The topic of this article doesn’t really have anything to do with lending (at least not yet) but the hint that Harry Potter “might” be coming soon to an e-reader near you is making waves in the news, today.

Some of what is being said in the article warrants derision comment:

And publishing industry experts said they will transform the electronic market and easily net the author £100million.

Ah. “Experts.” It’ll be interesting to see who that refers to. Anyone want to place bets on whether it’s someone with actual insider knowledge?

By “transform the electronic market” do they mean we’ll see advances in ebook ownership rights? That this will pave the way for less restrictive lending features? Can we expect interoperability between various devices? Or, do they mean they’ll make more money than they’ve ever made before, selling a book to people who already paid a lot for it the first time they bought it?

Rowling’s spokeswoman said: “The ebook format is now something that is being actively considered.”

Squeeeee! And it only took them until 2011 to begin the process of actively considering the e-book format.


(We’d been holding our breath.)

Actually, raise your hand if you assumed the entire Harry Potter series was already available in a digital format. 

Rowling’s fortune is estimated at £620million but Liz Thomson, editor of book industry website BookBrunch, said ebooks would give her another windfall.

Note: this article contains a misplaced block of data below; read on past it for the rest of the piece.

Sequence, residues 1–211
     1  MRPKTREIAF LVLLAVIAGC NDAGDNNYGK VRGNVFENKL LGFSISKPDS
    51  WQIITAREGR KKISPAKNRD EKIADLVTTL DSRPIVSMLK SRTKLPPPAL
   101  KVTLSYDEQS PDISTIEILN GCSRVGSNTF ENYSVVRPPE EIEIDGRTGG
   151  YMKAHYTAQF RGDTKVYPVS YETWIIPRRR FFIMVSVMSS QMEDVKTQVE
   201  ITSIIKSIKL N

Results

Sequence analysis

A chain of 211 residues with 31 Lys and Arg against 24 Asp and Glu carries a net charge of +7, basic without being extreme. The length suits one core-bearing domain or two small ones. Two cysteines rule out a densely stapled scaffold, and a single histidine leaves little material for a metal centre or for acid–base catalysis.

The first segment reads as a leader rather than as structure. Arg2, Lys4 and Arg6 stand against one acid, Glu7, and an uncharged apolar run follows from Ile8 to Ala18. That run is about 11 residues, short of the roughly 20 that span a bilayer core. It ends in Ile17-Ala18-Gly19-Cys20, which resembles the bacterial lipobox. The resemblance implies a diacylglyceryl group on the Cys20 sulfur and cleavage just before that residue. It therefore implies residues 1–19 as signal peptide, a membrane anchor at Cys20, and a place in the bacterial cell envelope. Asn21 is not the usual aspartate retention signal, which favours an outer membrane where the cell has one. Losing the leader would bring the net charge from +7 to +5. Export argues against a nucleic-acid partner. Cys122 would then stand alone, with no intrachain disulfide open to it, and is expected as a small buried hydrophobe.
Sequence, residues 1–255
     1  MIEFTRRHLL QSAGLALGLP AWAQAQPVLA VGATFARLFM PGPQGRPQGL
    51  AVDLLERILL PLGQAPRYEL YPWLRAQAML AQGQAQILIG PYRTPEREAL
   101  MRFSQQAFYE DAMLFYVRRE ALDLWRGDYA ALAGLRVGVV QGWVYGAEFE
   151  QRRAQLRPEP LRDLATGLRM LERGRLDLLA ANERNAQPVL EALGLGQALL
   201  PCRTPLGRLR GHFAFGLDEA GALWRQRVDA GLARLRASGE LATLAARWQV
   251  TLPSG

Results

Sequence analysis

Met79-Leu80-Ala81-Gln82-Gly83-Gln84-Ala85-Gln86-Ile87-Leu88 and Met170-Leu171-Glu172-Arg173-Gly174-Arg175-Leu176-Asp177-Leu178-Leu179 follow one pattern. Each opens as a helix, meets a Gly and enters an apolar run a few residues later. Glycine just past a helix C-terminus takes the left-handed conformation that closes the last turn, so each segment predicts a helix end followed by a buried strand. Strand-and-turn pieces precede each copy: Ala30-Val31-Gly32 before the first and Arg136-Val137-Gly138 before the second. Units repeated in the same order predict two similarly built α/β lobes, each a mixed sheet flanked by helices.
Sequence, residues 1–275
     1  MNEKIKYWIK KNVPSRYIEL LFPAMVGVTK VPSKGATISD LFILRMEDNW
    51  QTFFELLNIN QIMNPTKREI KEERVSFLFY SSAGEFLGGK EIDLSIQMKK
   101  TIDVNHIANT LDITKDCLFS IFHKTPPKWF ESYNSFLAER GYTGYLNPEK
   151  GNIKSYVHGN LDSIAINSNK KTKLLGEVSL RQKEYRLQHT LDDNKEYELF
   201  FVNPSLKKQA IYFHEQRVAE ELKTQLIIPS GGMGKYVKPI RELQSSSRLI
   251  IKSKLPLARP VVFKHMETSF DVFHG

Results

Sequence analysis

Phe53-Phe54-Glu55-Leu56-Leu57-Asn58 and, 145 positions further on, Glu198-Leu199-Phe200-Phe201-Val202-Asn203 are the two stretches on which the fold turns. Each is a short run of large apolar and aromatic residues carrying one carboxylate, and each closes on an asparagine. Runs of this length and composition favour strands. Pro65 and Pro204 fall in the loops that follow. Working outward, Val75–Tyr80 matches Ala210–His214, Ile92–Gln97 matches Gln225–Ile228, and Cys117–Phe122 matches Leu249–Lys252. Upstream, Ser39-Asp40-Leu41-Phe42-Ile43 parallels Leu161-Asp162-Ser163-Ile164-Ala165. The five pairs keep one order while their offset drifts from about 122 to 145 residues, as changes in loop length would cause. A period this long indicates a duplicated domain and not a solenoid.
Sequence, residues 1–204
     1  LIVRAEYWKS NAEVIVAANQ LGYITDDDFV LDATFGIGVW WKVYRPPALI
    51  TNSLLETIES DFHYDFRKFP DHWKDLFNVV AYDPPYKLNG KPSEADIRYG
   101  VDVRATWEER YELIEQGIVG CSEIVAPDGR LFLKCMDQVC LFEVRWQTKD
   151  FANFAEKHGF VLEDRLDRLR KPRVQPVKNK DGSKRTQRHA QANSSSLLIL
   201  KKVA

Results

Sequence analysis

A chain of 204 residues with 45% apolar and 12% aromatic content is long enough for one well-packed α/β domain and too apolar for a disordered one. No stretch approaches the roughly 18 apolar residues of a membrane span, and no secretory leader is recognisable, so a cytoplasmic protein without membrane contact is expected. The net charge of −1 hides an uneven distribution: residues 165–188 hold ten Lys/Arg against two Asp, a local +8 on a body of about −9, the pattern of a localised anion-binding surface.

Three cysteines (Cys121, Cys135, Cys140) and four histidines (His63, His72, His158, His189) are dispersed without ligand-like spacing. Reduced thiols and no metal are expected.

She said: “I wouldn’t be too surprised if the rights for the ebooks are sold for £100million.

Aha. Here we go. “Experts.” Okay, Liz Thompson, editor of BookBrunch, is the aforementioned expert. Whatever. Perhaps it wouldn’t be too surprising if that were the case, but it looks an awful lot as though the author of this article wrote the article first and then filled in the “experts” line with whoever provided the highest guess. (Later in the article, another “expert” is only willing to estimate that a deal could net Rowling “millions of pounds”. Quite a deviation.)

"Experts believe the move could revolutionise the world of electronic publishing, triggering rocketing sales of ebook readers such as the Kindle and the iPad."

Experts think that, do they? They think that seven (admittedly, insanely popular) books which will sell for around $15-$20 (and which virtually everyone in the world already owns or has read) are going to trigger “rocketing sales” of devices that cost between $139 and $499 and which have been available for multiple years, now?

"It is akin to the Beatles allowing their music to be launched on iTunes - it really is that important.

This is why the opinions of industry experts should almost always be taken with a few thousand grains of salt.

The Beatles are, indeed, a great analogy, in that they, too, waited far too long to launch a digital presence, based primarily on absurd industry-based fears. To put this in perspective, Paul and Ringo completely missed out on the heyday of the iPod revolution which began in 2001. TEN YEARS! Virtually every major and minor band had already gone digital and the sudden appearance of “Hey Jude” was notable almost exclusively for its absurd tardiness. It affected absolutely no change whatsoever on the industry, and has had no discernible effect on the popularization of any given device.

No one, anywhere, said: “Well, I’ve been holding out on buying an iPod since 2001, but now that I can buy Lucy in the Sky with Diamonds from iTunes, it’s high time I wrote a check. My pen, Mavis!”

No one should applaud J.K. Rowling for this, or bow down as though she’s the savior of an industry. Instead, we should all be asking what the heck took so long, and wondering where we’d be today if she’d have gotten with the program two years ago, rather than waiting until other (better) writers paved the way for her arrival.